This is a simple and quick Gimp tutorial to teach to Tech-King how to make a "something inside" logo out of an "Intel inside" logo ...
Step 1: What Do You Need ?
Step 2: Now, Let's Get Rid of Intel ...
- Open the Intel's logo with Gimp.
If you installed Gimp correctly, you could right click on the picture, and select "open with Gimp".
- Select the appropriate tool and the appropriate color ...
The appropriate foreground color is white if your appropriate tool is a pencil.
If your appropriate tool is the rubber, then the appropriate background color is white.
- Erase Intel ...
If the shadow get damaged, it does not matter, we will restore it on the next step.
If you damage more than the shadow, you can cancel your last actions through the "edit" menu.
Step 3: Let's Restore the Shadow ...
- Select the "little hand with a finger" tool
Be careful, this is a second hand hand. You may want to select the size of the finger.
- Zoom over the damaged shadow, and restore it.
With your "little hand with a finger" tool, you click on the right side of the damaged shadow, and you "spread" it on the left.
If you fail, just cancel your last actions through the "edit" menu, and do it again ... but correctly !
Step 4: Let's Write Something Inside ...
- Select the text tool
- Select the "Comics Sans MS Bold" font
Or any other more appropriate font if you prefer, I promise I will not cry.
- Select the appropriate foreground color
The appropriate foreground color is BLUE.
You can use the "color picker" tool to pickup the same blue than the logo.
- Click on the picture where you want to write something.
A tiny window will show up, that's where you'll type something.
Once you're done DON'T close this window.
- Select the appropriate size for your something.
It does not matter if it's not at the correct place. We're going to move and resize it on the next step.
Once done, close the little window.
Step 5: Let's Move and Resize Our Something ...
- Select the "perspective transformation" tool and click on the "something" box in the picture.
Four little box will appear at each corner of the "something" box.
A little parametric window will also show up.
- Move the corners to place your "something" appropriately into the logo.
Once done, apply the transformation.
- Through the "Layer" menu, extend the "layer to image size".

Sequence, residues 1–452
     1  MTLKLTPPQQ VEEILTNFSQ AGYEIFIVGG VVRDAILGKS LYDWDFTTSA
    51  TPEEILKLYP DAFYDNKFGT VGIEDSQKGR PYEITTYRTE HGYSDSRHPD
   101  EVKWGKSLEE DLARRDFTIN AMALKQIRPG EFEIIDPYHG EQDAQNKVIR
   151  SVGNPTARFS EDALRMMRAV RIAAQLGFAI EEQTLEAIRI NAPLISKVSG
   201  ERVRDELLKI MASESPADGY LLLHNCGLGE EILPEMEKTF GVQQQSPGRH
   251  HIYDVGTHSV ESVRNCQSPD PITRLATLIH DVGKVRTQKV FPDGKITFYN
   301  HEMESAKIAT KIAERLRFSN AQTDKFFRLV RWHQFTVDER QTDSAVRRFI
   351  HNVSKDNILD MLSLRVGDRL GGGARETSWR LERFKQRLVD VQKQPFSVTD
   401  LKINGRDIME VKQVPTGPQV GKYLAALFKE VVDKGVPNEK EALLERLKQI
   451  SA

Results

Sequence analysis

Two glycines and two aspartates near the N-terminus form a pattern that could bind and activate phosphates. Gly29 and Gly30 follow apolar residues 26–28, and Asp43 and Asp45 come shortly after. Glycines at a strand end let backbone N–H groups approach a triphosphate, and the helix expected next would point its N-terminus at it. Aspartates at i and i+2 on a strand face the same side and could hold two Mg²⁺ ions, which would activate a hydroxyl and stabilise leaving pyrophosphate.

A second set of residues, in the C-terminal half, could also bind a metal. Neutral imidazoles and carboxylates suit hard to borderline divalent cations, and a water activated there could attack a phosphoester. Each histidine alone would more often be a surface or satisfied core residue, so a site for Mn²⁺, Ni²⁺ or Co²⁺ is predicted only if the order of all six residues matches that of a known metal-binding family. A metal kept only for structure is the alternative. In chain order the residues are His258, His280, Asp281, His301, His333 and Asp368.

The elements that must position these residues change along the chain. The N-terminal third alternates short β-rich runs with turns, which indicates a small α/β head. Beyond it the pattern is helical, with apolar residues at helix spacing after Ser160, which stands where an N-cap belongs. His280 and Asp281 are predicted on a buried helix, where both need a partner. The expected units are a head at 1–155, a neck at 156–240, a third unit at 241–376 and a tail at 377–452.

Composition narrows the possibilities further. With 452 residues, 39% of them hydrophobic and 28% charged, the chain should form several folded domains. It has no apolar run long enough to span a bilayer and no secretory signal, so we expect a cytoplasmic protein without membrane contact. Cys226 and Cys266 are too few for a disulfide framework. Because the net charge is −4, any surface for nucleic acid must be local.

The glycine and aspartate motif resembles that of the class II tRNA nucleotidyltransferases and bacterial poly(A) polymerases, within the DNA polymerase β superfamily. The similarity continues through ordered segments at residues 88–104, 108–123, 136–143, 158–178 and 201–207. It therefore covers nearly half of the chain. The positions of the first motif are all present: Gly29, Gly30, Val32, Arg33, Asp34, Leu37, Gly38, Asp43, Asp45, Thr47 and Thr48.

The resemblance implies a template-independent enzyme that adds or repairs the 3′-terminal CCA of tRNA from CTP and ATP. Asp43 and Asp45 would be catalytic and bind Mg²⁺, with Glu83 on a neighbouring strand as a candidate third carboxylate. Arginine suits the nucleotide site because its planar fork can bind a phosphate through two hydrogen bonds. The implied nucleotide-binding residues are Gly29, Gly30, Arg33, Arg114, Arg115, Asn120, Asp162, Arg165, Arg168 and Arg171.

The box around "something" will vanish.
Step 6: Let's Add a Shadow to Something ! (Episode 1)
- With the Layer window, duplicate the "Something" layer.
You select the "Something" layer, then click the "duplicate" button.
- Make the top copy layer invisible.
You click on the top layer "Something#1" and you click on the little eye to make it vanish.
- Create a new white layer just under the "Something" layer.
You click the "create new layer" button, a window show up, and you select a white layer and you create it.
You can use the two arrows to move the selected layer up and down.
The new white layer must be just under the "Something" layer.
Step 7: Let's Add a Shadow to Something ! (Episode 2)
- Merge the "Something" layer with the new white layer.
Right click on the "Something" layer, and select "merge with the lower layer".
- Make this layer gray-scale.
Into the "Color" menu, select "unsaturate".
- Blur it.
Into the "Filter" menu, select the sub menu "Blur", and "Gaussian Blur".
A window will show up, you'll select the appropriate size of the blur, then apply the filter.
- Apply the shadow over the logo.
In the "Layer" window, change the mode of the shadow layer to "multiply".
- Make the top layer visible again.
Click on the little eye of the top layer to make it visible again.
Step 8: Let's Move the Shadow !
- Select the "Move layer" tool.
Actually, I have absolutely no clue about how it is called in English ... So, let's call it Georges.
- Be sure the shadow layer is selected in the Layers window.
Do you really want more information about how to do that ?
- Then, click on the picture, and move the shadow with Georges.
I'm sure you can do that alone ... well, I mean alone but with Georges.
- Save your "Something Inside" logo !
The XCF file format will let you save the stack of layer. It's the native Gimp format.
If you save it as JPG or PNG, it will tell you that some information related to layers can't be saved, and it will ask you if you want to merge them all in one. Say yes.
Step 9: A Table !
Voila ! C'est fini !
You now know how to make something inside !
Congratulation and bon appetit !